3. Application of Analytical Models

3.1. The Analysis about Paradox
3.1.1. The Equilibrium Solution of the Four-Link Network under DUE

As we know, the paradox phenomenon exists in many networks with different topologies; Braess’ network has been investigated by a large number of researchers; it is representative because it can simplify the problem and clearly explain traffic phenomena. In this paper, we also consider Braess’ network with a single origin and a single destination in this paper. Figure 1 depicts the network before the addition of the new link . Let the total demand for the travel from origin to destination be and ; further, assume that the link cost is a function of the flow not only on this link but also on other links. Because the influence of the adjacent links is dominant, we assume that the other links are only limited to the adjacent links on the same path in this work. At the same time, assume that the problem is symmetric; further, the travel time is link-flow dependent and it increases rapidly as a function of the flow on the link.

796842.fig.001
Figure 1: The four-link network.

Specifically, the link cost functions of the four-link network in Figure 1 are where is the travel cost on link at time , is the flow on link at time , is the scaling parameter which differentiates the influence between the given link only and others, generally, . In the four-link network, there are two paths from the origin to the destination and the costs along the paths are given as follows: where is the travel cost from to along path at time ; in addition, where is the flow from to along path at time , the total demand satisfies the following conservation of the flow: . According to the definition of the UE, it is easy to get where is the equilibrium flow from to along path at time . Hence, the total system travel time under DUE before the addition of the new link is given as follows: where is the total system travel cost under DUE for the four-link network.

3.1.2. The Equilibrium Solution of the Five-Link Network under DUE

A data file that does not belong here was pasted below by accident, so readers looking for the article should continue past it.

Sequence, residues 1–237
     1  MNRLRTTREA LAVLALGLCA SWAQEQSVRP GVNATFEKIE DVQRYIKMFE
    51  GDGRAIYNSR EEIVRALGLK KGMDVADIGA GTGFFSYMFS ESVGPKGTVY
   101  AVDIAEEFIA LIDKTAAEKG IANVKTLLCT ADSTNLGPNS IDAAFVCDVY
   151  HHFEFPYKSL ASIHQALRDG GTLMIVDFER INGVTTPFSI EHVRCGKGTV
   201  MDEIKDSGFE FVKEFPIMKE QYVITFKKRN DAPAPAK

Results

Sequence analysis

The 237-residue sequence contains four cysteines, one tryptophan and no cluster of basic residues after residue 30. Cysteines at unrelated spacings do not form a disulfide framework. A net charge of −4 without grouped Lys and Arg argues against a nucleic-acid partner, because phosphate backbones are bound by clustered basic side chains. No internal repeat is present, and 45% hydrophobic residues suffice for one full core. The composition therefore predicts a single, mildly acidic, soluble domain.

After adding the link , there appears a new path from to in Figure 2.

796842.fig.002
Figure 2: The five-link network.

The link cost functions are given as follows: The traffic flow on each link is as follows: The costs on the paths are The total demand satisfies the conservation of the flow as follows: .

The variational inequality of the five-link dynamic traffic network over is given as follows: Because we have if , and we have , then ; if , and at this time, , then ; when ,

Assume ; the equilibrium flow of the five-link network is pictured in Figure 3, in ranges I and II , only the new path is used; in range III , all three are used; in range IV , only the first two paths are used; that is, the third path is never used when .

796842.fig.003
Figure 3: The equilibrium flow of the dynamic network.

Corresponding to different ranges, the total travel cost of five-link network is given as follows: where is the total system travel cost under DUE for the five-link network.

3.1.3. The Paradox of Dynamic Traffic Networks

Letting , we get ; letting , the paradox occurs in ranges II and III in Figure 3.

In order to capture the trend of the paradox when we take different values of , we give the definition of the average difference of two functions in range , as follows: We assume that the severity of the paradox is proposal to the average difference and use of the average difference of in range to represent the severity of the paradox.